“This book should be made a part of any college level library that features holdings in social sciences. … Americans View Crime and Justice presents a national public opinion survey and its results on the issues. These edited results of a survey conducted in 1995 examine such issues as gun control, capital punishment, and juvenile crime, offering public opinion along with the analyses of a panel of criminologists.” –The Midwest Book Review Readable and carefully edited, Americans View Crime and Justice reports and analyzes results from the recent National Crime and Justice Survey (NCJS), the richest and most wide-ranging investigation of public opinion on crime and justice issues in more than a decade. Conducted in June 1995, the survey features responses from 1,000 adults in the United States on now-volatile issues such as fear of crime, gun control, capital punishment, juvenile crime, and additional related topics of national concern. A distinguished panel of criminologists analyzes the collected data in this volume to present a comprehensive report on the development and current status of public opinion on these timely issues. Divided into three sectionscontext and framework; findings; and opinion, policy, and science—this authoritative volume also analyzes the implications of the survey data. Providing interesting insights and timely quantification of Americans' view of crime and justice, this volume offers a unique view of public opinion particularly important to the work of researchers, law enforcement personnel, policy makers, public officials, and students of criminology and criminal justice, law, and political science.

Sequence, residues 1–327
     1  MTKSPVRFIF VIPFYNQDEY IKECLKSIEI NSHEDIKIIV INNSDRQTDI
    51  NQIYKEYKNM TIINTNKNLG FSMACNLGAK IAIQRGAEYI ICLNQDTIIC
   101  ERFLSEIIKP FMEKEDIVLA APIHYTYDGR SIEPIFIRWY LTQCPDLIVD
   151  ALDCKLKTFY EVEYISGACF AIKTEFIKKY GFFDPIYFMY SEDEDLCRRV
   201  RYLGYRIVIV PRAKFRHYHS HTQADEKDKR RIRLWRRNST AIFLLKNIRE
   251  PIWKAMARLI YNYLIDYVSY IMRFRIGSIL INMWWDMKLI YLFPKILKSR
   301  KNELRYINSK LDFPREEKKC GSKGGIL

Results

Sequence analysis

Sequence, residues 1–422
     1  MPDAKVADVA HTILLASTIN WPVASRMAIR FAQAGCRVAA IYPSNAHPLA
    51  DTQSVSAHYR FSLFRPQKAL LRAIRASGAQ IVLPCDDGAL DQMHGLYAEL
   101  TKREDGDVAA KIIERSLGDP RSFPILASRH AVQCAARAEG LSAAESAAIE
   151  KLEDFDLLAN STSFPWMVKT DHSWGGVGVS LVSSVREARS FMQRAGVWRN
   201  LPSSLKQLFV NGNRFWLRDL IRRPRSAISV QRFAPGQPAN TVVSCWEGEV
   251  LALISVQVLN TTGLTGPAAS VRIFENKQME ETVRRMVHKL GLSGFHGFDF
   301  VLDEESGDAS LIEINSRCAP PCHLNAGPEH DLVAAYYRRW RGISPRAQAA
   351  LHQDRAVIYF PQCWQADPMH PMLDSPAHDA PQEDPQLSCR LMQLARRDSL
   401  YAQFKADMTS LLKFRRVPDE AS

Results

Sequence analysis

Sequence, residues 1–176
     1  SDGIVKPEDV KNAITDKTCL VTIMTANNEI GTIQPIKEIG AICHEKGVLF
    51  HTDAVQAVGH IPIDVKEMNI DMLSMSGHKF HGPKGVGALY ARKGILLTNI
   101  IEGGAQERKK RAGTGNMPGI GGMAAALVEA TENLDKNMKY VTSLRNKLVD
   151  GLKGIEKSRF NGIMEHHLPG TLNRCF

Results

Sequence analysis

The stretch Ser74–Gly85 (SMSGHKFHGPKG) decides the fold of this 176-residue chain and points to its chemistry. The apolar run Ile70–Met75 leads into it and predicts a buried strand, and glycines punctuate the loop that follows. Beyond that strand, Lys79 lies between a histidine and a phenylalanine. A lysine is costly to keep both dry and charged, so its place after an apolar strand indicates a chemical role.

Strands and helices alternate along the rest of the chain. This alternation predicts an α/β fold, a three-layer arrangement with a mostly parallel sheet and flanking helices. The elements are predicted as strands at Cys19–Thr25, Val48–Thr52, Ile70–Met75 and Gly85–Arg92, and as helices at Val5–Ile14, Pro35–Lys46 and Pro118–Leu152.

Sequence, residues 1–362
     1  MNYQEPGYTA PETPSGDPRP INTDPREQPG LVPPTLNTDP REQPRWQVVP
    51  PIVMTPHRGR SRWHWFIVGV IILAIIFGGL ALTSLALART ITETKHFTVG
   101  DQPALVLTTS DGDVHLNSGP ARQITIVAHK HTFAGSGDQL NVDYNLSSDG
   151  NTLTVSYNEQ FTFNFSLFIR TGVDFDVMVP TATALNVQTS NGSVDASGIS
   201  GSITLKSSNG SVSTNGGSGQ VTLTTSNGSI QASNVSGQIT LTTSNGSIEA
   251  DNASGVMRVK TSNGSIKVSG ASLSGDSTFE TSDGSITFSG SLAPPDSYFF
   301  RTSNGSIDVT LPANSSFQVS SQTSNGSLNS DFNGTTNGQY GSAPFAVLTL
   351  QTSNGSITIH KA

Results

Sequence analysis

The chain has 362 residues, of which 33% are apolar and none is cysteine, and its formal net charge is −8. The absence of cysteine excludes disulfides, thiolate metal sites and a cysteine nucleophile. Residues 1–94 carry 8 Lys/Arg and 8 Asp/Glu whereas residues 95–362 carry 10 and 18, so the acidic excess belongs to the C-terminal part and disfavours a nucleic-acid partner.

Americans' Attitudes About the Ultimate Weapon: Capital Punishment

Americans' Attitudes About the Ultimate Weapon: Capital Punishment

Americans' attitudes about the ultimate weapon: Capital punishment


Probably the most exhaustive review of death penalty attitudes among U.S. citizens was conducted by Bohm (1991). This review involved an analysis of death penalty attitudes as measured by a series of Gallup polls conducted between 1936 and 1986. In this analysis Bohm showed that in general, large proportions of the American public have always expressed support for the death penalty. During the 50-year period included in his study, Bohm reported that on average, 59% of the respondents in Gallup surveys supported the death penalty. Only 33%, on average, opposed it, and the remaining 9% were neutral. Levels of support for the death penalty among the general public ranged from ...

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